clock menu more-arrow no yes mobile

Filed under:

The San Antonio Spurs get their lifetime achievement awards

Gregg Popovich and R.C. Buford won awards for their work this season, which was really a continuation of 15 seasons worth of work.

Soobum Im-USA TODAY Sports

SB Nation 2014 NBA Playoff Bracket

The San Antonio Spurs are in a curious position. Long derided as a boring and unloved champion lacking in both charisma and style, they have become oddly endearing as challengers, complete with honors and awards that always seemed to elude the franchise during their heyday.

Certainly history has been kind to the Spurs. We now know and appreciate that they were ahead of the curve with international scouting, working the salary cap to their advantage and tilting the court in favor of corner threes and high-efficiency shots. Respect, even grudgingly afforded, has long been a given.

Tony Parker scans the court/Photo credit: Kevin Jairaj-USA TODAY Sports

In recent years, they have even become more enjoyable to watch as Tony Parker assumed greater control of the offense. Gregg Popovich, cynical asshole, has been replaced by Pop, everyone's favorite sarcastic uncle. Along with that reevaluation, they are also receiving credit for their endurance. Popovich won his second Coach of the Year honor in three years and R.C. Buford won Executive of the Year for the first time. If there was award for Regular Season Team of the Year, they would have undoubtedly won that as well.

You'll get no argument here that both Pop and R.C. are the best at what they do, but the timing for both awards is curious in that the Spurs returned their entire starting five and seven of their top eight players from last season. The only significant change was swapping Gary Neal for Marco Belinelli via free agency. Their success this season is a testament to an organizational vision, not some grand transformation.

Buford's award is voted on by his peers, so only they can answer why now is the appropriate time to honor a man widely regarded as the best in the business. His work this season was mostly pro-forma. He re-signed Tiago Splitter and Manu Ginobili to reasonable extensions and let Neal walk while replacing him with Belinelli. He also added little-used backup big man Jeff Ayres. Hardly the stuff of bold offseason plans.

That Buford should have won the award years ago is obvious, but no less obvious than the successful one-year overhauls engineered by Ryan McDonough in Phoenix and Masai Ujiri in Toronto. The savviest offseason work may have been done by Portland's Neil Olshey who built a low-cost bench and maneuvered the team into acquiring Robin Lopez for a minimal return.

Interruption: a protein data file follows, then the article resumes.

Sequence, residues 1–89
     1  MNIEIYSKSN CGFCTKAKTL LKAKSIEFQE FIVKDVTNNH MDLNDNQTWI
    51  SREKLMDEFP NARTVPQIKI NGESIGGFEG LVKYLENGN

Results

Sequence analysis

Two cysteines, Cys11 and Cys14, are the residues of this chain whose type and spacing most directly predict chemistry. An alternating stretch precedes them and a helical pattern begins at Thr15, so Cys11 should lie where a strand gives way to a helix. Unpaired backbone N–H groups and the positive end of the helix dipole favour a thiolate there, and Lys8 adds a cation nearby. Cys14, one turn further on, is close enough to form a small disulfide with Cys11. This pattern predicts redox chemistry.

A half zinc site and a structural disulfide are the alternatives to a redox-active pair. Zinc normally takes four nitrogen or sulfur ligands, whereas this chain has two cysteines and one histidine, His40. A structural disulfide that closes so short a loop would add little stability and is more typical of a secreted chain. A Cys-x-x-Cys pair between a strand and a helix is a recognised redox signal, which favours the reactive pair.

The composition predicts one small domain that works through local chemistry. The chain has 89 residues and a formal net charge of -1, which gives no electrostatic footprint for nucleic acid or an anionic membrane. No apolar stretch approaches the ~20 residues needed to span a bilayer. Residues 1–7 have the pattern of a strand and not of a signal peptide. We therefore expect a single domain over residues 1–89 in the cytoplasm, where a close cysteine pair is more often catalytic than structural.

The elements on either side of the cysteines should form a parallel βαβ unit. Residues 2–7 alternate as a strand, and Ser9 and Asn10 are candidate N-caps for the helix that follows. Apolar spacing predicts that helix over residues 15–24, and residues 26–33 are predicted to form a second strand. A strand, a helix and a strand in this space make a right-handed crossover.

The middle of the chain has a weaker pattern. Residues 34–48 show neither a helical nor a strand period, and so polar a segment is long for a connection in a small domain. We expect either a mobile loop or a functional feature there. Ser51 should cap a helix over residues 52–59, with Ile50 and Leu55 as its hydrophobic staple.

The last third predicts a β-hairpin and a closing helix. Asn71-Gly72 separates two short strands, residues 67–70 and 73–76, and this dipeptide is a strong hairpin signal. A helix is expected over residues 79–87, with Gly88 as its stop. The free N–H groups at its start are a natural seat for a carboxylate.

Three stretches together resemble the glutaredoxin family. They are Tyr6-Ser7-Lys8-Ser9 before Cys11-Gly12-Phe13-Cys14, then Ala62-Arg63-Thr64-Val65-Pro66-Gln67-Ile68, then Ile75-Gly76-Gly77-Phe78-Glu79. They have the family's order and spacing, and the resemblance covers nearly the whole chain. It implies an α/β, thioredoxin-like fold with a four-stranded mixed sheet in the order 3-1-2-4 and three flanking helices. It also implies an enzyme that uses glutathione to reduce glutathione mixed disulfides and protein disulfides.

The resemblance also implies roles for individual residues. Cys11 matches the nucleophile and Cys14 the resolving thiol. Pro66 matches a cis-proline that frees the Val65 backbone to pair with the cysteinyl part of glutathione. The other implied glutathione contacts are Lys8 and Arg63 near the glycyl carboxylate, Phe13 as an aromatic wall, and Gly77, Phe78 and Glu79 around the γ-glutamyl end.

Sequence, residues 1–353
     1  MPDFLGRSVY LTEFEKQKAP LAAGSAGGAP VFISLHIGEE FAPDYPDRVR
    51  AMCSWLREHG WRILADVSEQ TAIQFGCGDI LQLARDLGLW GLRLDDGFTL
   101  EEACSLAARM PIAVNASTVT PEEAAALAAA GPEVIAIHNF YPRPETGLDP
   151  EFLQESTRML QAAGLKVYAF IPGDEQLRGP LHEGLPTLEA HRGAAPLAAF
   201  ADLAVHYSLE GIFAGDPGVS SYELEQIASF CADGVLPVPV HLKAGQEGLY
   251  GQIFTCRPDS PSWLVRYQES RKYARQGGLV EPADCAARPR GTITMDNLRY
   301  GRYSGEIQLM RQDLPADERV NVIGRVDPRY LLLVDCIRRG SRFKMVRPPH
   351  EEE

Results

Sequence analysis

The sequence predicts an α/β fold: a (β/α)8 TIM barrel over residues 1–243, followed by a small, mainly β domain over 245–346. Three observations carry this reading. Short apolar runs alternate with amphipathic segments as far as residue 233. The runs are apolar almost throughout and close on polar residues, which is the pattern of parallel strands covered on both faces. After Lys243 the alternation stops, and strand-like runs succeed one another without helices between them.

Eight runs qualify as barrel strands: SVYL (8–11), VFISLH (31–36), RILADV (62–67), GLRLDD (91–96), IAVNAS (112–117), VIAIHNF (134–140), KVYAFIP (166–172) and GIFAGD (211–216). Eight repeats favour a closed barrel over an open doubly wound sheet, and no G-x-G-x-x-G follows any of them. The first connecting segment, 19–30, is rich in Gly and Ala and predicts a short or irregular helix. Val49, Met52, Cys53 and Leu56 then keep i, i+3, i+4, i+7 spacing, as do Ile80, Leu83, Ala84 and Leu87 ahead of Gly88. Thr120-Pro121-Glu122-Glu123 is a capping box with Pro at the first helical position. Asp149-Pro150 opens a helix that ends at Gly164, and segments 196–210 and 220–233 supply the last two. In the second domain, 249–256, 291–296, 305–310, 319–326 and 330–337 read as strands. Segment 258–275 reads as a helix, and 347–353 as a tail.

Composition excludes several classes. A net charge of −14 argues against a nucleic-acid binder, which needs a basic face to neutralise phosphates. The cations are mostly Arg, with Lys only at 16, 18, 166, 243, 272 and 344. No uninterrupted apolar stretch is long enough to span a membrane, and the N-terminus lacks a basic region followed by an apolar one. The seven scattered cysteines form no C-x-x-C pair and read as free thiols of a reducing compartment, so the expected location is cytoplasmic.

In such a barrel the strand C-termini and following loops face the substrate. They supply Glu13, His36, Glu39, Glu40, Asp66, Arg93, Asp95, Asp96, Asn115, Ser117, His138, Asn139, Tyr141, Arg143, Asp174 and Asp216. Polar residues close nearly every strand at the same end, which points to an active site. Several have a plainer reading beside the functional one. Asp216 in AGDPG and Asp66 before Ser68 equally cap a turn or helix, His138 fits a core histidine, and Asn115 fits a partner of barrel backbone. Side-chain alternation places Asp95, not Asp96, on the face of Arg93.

By contrast, Buford simply fine-tuned what has become the league's most stable machine. Honoring Buford rights a historical wrong.

Their success this season is a testament to an organizational vision, not some grand transformation.

In a sense, that's also true of Popovich. In other years, he would have been passed over in favor of coaches like Jeff Hornacek or Steve Clifford, who enjoyed unexpected success. The old way of choosing a coach of the year was to balance regular season results with pre-season expectations. That's why so many former winners get fired a year or two after winning the award. The media sets a subjective framework and corrects itself when objective results are counted.

Pop's award may signal a shift in attitude by the voting media to redefine the parameters and make it more like the MVP by rewarding the individual who is seen as the best in their profession. Or it could just be a tacit acknowledgement of past mistakes.

To be sure, there were challenges for Popovich this season. Injuries cost him the services of Parker, Ginobili, Kawhi Leonard and Splitter at various points of the season. His regular starting five appeared as a unit in only 30 games this season for just 262 minutes, per's stats page. Only Tim Duncan and Belinelli played more than 2,000 minutes at all and Duncan and Parker barely registered in the MVP voting.

Popovich successfully integrated players like Patty Mills, Cory Joseph and Ayres into the rotation while maintaining the health of his most important players. When Aron Baynes suddenly appeared in Game 1 of their semifinal series with the Blazers and scored eight points in seven minutes, it was not surprising. It was merely another example of Pop's craftsmanship.

All of that is also a credit to Buford for having a long-range vision of scouting and player development. Few teams have developed the end of their roster better than San Antonio over the years and it's paid off in numerous ways this season.

In this season of lifetime achievement awards, all that's left for the Spurs to bring their journey full circle is the seemingly inevitable Finals rematch with the Miami Heat. A decade and a half after first appearing on the national stage, they are still the standard by which all other franchises are measured. That's worth celebrating.


Get news, links and Ziller's #hottakes in your inbox every weekday morning.